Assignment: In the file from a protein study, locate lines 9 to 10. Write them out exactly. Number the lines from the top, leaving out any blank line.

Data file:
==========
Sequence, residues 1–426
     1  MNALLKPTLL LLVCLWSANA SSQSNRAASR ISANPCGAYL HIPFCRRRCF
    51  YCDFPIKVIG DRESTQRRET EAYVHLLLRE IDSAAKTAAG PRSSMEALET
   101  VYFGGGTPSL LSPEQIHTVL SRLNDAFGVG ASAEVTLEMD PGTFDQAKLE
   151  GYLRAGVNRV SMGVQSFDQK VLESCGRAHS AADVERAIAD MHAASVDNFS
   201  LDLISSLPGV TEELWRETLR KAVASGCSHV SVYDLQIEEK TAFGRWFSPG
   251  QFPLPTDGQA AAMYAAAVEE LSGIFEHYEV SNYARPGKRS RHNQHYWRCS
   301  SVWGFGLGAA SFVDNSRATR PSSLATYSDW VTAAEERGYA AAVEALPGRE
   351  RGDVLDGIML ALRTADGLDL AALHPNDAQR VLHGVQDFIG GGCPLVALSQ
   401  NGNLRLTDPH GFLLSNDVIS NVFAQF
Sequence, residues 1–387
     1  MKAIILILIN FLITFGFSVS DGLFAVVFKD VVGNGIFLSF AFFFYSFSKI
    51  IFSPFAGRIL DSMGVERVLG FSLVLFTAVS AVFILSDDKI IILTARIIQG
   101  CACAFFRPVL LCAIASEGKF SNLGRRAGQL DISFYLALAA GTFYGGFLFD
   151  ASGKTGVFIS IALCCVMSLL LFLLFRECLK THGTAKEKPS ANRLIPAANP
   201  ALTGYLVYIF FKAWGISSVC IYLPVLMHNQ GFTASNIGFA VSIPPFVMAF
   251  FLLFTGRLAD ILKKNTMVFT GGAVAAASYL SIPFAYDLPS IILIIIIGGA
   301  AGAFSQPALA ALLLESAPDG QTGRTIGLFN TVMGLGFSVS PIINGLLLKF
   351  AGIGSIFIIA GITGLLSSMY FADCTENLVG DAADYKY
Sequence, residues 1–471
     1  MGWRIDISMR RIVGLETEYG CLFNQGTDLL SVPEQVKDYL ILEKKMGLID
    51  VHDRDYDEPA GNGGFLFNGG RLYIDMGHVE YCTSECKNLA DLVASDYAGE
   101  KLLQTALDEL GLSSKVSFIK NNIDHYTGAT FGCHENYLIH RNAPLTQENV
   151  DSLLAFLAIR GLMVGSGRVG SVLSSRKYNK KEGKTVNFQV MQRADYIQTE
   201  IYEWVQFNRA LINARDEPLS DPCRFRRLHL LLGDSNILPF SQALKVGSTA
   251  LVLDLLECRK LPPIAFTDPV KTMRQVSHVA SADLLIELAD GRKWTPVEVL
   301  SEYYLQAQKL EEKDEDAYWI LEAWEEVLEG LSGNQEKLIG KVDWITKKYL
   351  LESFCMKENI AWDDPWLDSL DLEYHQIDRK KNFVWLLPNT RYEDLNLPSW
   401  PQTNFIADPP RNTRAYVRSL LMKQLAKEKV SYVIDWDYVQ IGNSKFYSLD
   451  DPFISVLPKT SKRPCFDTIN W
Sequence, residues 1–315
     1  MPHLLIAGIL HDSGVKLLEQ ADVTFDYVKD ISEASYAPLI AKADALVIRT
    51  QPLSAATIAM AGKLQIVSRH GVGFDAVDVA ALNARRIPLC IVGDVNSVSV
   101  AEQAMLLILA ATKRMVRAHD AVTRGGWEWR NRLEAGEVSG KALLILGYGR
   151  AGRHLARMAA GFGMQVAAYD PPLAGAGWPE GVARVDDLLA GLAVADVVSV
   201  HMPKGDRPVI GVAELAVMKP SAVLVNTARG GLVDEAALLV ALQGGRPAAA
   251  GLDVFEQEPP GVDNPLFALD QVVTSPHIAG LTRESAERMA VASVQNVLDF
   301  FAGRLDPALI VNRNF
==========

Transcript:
   351  RGDVLDGIML ALRTADGLDL AALHPNDAQR VLHGVQDFIG GGCPLVALSQ
   401  NGNLRLTDPH GFLLSNDVIS NVFAQF